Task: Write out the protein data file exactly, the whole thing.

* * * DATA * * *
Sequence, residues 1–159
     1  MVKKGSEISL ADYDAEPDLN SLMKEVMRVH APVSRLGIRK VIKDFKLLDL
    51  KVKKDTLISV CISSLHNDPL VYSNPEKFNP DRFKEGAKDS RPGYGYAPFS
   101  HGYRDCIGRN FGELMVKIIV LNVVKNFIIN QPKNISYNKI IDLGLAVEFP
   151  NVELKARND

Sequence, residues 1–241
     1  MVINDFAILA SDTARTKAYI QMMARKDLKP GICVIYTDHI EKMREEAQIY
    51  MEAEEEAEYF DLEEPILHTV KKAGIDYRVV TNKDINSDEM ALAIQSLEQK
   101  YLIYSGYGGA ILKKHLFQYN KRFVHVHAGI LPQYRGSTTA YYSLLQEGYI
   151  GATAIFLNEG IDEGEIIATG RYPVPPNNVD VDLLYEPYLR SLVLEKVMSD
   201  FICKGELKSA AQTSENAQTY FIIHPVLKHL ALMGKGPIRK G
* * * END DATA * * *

Sequence, residues 1–159
     1  MVKKGSEISL ADYDAEPDLN SLMKEVMRVH APVSRLGIRK VIKDFKLLDL
    51  KVKKDTLISV CISSLHNDPL VYSNPEKFNP DRFKEGAKDS RPGYGYAPFS
   101  HGYRDCIGRN FGELMVKIIV LNVVKNFIIN QPKNISYNKI IDLGLAVEFP
   151  NVELKARND

Sequence, residues 1–241
     1  MVINDFAILA SDTARTKAYI QMMARKDLKP GICVIYTDHI EKMREEAQIY
    51  MEAEEEAEYF DLEEPILHTV KKAGIDYRVV TNKDINSDEM ALAIQSLEQK
   101  YLIYSGYGGA ILKKHLFQYN KRFVHVHAGI LPQYRGSTTA YYSLLQEGYI
   151  GATAIFLNEG IDEGEIIATG RYPVPPNNVD VDLLYEPYLR SLVLEKVMSD
   201  FICKGELKSA AQTSENAQTY FIIHPVLKHL ALMGKGPIRK G